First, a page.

History[edit | edit source]
Built by Nakajima during January 1944 with uncoded serial number 1430. Delivered to the Japanese Army Air Force (JAAF) as an Army Type 1 Fighter Ki-43-II-Otsu 'Hayabusa' (Ki-43-IIb Oscar) with manufacture number 6430. This aircraft was assigned to an as yet unknown Sentai. Painted overall green with an unidentified motif on the tail, this Ki-43-II Hayabusa (Peregrine Falcon) operated from the Hollandia area.
In Allied hands[edit | edit source]
During late April 1944, this Ki-43 Hayabusa Oscar was captured by the US Army in the Hollandia area at one of the three Hollandia dromes: Hollandia Airfield, Sentani Airfield or Cyclops Airfield. Afterwards, inspected by the Allied Technical Air Intelligence Unit TAIU-SWPA. During the middle of 1944, this Ki-43 Hayabusa (also known as Hollandia Oscar #2), Ki-43-II Oscar C/n 5894 and Ki-61 Hien (Tony) (likely XJ002) were repaired at Cyclops Airfield by American personnel from the US Army Air Force 84th Airdrome Squadron. The line chief for both rebuilds was S/Sgt William Garza, who was assisted by S/Sgt Hall. Both Oscars were repaired using spare parts found in the area and parts from other Oscars. This Oscar was stripped to bare aluminum finish and painted with US star-and-bar markings and a red and white tail rudder. The cowl had a circular motif with "84" for the 84th Airdrome Squadron painted on both sides. This Oscar received a modified flat sided movable canopy similar to that fitted to the Ki-43-I. Presumably the canopy was obtained from a model 1 and modified to fit the front fixed section of the Ki-43-II canopy. By September 1944, this Oscar was test flown in the Hollandia area.
To the USA[edit | edit source]
Later, this Oscar and a Ki-46 'Dinah' TAIC 10 were loaded aboard the escort carrier USS Attu and transported to the United States for technical evaluation, accompanied by S/Sgt Hall. Received by (TAIC), it was designated "10" stenciled on the tail with "Technical Air Intelligence Center" on the right side of the cockpit and "Oscar 2" on the right side of the nose cowling. The plane was identified by the Wright Field technical intelligence unit as FE-6430 (later T2-6430), but they thought the number not to be the original Japanese manufacture number as they were confused about the various parts with different manufacture numbers. The pilot seat of C/n 6430 even appeared to be that of C/n 5894, the 'other' Oscar (Hollandia Oscar #1), that had suffered landing gear problems upon landing after its maiden test flight.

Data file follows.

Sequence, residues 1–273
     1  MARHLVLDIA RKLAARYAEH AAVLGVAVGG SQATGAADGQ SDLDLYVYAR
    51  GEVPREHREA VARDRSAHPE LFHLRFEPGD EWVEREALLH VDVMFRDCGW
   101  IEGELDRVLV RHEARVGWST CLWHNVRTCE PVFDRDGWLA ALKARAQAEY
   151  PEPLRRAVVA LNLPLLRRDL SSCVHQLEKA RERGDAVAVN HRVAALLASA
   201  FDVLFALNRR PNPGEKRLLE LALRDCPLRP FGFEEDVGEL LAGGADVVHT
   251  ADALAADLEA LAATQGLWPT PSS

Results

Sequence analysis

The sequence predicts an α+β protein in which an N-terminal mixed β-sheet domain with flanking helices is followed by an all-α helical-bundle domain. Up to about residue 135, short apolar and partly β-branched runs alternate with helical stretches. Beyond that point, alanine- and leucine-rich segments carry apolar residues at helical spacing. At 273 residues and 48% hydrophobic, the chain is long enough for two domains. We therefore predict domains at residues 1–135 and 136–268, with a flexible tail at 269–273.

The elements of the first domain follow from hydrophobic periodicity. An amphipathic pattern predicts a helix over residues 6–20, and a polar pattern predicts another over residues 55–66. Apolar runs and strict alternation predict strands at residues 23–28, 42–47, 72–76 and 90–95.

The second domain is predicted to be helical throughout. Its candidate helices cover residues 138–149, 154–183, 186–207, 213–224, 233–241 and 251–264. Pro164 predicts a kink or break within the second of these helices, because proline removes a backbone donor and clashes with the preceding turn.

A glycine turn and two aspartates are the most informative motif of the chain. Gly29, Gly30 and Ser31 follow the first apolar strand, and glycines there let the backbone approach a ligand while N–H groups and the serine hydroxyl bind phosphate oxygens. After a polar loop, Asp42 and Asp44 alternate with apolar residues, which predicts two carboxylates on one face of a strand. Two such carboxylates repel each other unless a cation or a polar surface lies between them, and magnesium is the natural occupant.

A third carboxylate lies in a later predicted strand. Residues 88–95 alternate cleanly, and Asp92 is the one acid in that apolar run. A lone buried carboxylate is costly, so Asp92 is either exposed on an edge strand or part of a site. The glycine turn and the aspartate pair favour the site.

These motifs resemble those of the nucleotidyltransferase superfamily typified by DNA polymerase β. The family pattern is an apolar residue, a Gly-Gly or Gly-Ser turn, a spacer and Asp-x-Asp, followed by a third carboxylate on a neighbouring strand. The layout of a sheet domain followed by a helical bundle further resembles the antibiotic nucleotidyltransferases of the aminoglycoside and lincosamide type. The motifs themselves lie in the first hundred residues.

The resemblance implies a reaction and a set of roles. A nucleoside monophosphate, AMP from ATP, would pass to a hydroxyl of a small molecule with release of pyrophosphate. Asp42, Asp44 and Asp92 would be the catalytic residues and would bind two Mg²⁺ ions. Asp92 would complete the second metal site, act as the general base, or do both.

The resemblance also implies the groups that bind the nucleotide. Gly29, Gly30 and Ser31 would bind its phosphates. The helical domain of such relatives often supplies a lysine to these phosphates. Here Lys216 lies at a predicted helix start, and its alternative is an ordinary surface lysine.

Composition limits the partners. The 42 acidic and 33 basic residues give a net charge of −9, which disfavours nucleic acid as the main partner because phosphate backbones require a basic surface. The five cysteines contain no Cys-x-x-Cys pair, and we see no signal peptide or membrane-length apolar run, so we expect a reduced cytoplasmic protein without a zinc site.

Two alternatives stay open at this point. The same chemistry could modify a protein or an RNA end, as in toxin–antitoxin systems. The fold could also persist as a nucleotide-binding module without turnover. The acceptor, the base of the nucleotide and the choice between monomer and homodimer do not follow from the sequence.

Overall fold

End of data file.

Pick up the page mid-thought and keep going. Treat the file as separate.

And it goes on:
Museum Display[edit | edit source]
After the war this aircraft was moved into storage at Park Ridge, Illinois during the later half of 1947 until 1950. From 1950 until 1957 it stood displayed at Kirtland AFB, New Mexico. In 1958 it was donated to National Air & Space Museum (NASM) and was refurbished by the Wisconsin Air National Guard, painted in the markings of the Sentai Hombu (Headquarter Unit) of the 63rd Sentai with 13 on the tail and a white fuselage band. (The 63rd Sentai was one of four Sentai flying Oscars at Hollandia). Today it is displayed at the Pima Air and Space Museum near Tucson, Arizona, after having been loant to the Museum of Flight in Seattle, Washington (2004-2008) and formerly at the EAA AirVenture Museum in Oshkosh, Wisconsin and before that at the EAA Museum in Hales Corner, Wisconsin (1970-2003).